Thursday, April 30, 2020

Backseat Social Hour (April 2020 in Hindsight)

The library has been closed for over a month, though you can borrow items via curbside pick-up, so I've been spending a lot of time in the backseat of a car.  No, I'm not practicing for my post-pandemic career.  The car is parked in front of the library so I can access their wi-fi on my tablet.  I can download shows from streaming services to watch offline and blog from the backseat.  Oh, and I can also virtually keep in touch with other humans.  Thankfully, I've learned how to siphon mobile data from my phone to my tablet, so I can blog from home now.  I'll still sit in the backseat to download stuff because my data isn't unlimited. 

Looking back at April, I've blogged way more than usual.  What I've discovered is that I prefer writing short subjects.  Whether it's stories or poems, I enjoy keeping my words concise.    Maybe I'm aiming my creative projects to those with short attention spans.  Well, at least I was in April.  Maybe I'll experience diarrhea of the mouth in May.

Another thing I've learned this month is how sometimes my half-blind eyes become so focused on one aspect that I fail to see the much bigger picture.  The moving image in the above video-poem was meant to represent one thing but it ended up looking like something completely different.  I didn't realize this until after I uploaded the video to You Tube.  I then laughed hysterically for a solid 5 minutes afterwards and now that something different is all I can see.

In conclusion, April has been a learning lesson, at least creatively speaking, but what about May?  My small town got its first official COVID-19 case near the end of April, (He Who Walks Behind The Rows failed us) and I don't know how this will alter my current version of normal.  All I do know is...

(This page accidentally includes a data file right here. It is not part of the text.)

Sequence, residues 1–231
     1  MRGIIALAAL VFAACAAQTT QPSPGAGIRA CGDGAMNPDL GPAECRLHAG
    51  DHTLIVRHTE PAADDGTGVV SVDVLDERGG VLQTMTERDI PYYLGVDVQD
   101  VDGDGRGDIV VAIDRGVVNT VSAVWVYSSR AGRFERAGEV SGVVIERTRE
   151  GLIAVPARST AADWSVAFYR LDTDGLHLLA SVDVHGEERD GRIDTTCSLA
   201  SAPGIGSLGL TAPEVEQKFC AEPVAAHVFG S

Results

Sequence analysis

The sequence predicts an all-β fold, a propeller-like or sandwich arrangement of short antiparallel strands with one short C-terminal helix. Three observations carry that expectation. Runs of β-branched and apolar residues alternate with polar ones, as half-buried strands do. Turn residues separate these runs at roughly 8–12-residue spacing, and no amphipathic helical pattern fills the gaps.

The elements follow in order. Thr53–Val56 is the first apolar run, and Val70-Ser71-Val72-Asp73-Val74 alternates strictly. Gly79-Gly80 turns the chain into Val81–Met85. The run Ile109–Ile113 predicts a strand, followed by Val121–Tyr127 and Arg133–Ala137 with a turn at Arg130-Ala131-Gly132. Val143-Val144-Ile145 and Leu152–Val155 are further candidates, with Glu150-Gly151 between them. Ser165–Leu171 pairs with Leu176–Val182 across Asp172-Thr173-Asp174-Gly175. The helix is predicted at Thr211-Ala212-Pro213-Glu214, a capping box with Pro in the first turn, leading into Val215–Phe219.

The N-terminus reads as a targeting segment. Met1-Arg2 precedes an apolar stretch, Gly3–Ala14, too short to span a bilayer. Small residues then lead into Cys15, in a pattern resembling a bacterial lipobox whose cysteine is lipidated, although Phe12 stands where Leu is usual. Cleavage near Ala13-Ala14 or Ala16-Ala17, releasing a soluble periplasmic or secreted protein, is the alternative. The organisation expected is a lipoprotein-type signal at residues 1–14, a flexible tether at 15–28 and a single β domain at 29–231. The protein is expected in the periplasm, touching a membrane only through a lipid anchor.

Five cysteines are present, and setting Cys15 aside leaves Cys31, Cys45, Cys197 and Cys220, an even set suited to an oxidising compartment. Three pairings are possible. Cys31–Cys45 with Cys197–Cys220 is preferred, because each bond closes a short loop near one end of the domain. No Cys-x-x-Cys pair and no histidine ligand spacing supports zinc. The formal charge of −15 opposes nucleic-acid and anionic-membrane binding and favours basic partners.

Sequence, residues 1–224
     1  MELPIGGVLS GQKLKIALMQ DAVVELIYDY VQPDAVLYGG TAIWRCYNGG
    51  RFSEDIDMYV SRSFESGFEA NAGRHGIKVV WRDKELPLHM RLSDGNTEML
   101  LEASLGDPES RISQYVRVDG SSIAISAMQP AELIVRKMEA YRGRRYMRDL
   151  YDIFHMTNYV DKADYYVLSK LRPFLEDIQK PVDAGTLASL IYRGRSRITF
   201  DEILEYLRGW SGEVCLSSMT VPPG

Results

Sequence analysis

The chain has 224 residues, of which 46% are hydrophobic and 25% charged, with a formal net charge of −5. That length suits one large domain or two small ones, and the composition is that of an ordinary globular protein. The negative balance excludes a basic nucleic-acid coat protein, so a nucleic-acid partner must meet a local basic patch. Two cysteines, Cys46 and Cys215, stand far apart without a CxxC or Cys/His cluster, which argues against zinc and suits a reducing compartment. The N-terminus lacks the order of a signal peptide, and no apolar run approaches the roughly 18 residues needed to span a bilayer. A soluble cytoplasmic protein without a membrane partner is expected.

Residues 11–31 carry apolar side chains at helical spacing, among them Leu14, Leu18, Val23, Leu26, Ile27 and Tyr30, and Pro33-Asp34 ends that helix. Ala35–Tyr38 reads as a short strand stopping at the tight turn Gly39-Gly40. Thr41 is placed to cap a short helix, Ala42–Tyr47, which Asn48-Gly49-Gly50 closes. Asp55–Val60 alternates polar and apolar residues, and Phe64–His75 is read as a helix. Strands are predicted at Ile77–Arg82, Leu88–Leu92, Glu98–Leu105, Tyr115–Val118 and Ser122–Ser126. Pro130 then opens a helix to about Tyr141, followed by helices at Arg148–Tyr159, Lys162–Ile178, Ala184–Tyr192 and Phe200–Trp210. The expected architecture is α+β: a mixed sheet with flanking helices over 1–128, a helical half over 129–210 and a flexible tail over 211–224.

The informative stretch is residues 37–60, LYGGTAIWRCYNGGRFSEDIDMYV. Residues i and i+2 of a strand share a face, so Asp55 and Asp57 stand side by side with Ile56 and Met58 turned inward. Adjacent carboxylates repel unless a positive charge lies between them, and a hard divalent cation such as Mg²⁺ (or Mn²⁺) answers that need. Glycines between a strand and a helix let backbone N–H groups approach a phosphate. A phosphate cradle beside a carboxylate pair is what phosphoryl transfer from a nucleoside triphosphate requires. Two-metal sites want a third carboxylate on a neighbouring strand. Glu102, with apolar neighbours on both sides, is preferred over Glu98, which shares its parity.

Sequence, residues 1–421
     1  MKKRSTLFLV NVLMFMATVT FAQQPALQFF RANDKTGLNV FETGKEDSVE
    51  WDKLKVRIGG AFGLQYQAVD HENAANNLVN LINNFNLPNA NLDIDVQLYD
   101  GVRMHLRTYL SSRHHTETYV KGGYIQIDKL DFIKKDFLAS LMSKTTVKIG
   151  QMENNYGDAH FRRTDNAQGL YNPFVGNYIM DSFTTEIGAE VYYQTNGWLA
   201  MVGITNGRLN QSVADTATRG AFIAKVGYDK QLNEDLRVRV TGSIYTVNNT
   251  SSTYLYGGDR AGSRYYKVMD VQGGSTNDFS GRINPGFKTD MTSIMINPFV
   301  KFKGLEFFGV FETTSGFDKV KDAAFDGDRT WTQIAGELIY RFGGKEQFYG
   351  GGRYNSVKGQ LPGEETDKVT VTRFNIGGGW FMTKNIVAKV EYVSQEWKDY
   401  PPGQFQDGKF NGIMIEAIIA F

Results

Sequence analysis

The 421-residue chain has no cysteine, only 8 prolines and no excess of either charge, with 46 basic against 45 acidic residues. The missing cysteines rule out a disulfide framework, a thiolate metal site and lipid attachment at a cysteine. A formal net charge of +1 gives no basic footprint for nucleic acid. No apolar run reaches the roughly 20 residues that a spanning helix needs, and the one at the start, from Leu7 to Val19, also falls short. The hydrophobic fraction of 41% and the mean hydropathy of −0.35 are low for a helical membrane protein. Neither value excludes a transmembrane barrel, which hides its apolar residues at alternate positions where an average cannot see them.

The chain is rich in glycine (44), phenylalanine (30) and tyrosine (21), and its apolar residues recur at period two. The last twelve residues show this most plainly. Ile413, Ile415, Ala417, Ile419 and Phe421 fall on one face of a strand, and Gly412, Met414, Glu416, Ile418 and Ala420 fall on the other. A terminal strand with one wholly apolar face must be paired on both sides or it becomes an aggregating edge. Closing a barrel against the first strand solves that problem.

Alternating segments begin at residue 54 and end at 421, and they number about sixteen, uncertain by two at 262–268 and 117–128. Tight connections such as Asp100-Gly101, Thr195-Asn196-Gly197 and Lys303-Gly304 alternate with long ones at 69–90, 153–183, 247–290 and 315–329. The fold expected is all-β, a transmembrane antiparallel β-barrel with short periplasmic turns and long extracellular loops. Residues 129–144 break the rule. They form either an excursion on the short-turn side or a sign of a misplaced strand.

Whether I'm cramped up in the backseat or sprawled out at home, I'll try to keep my freak-light shining! 💡🤓

Thank you for reading or listening to my half-blind words.

Freak Out, 

P.S. My favorite post from April 2020 because it's the darkest story I have far.
A Twitter thread containing all 26 chapters of my LGBTQ, Sci-Fi, Horror, Romance blog serial...

Sunday, April 26, 2020

freakboy on film: THE RISE OF SKYWALKER (2019)

"Will this agony ever end?" - C-3PO 

(screenplay by Chris Terrio & J.J. Abrams / directed by J.J. Abrams) 

I am probably the stereotypical STAR WARS fan of a certain age.  THE EMPIRE STRIKES BACK is my favorite.  I hated Ewoks, well, until I saw Jar Jar Binks and the generally forgettable prequels.  Now the little fuzzballs from the moon of Endor seem like intelligent creatures to me.  

I enjoyed THE FORCE AWAKENS, even with its similarity to A NEW HOPE, and embraced the possibilities of the next two films.  Those possibilities died with THE LAST JEDI.  Stupid humor surrounded the return of Luke Skywalker while Chewbacca was shamed for being a carnivore and then a painfully long detour to a Vegas planet, which was ultimately just an excuse to preach against rich people and alien horse racing, bored me to tears.  Disney should save its soapbox screenplays for its already tepid one-off STAR WARS films. 

Then there is THE RISE OF SKYWALKER.  I have seen it twice, once in the theater and once on DVD.  I don't know how other fans feel, but I wanted something different than THE LAST JEDI, but I don't think I wanted a remake of RETURN OF THE JEDI.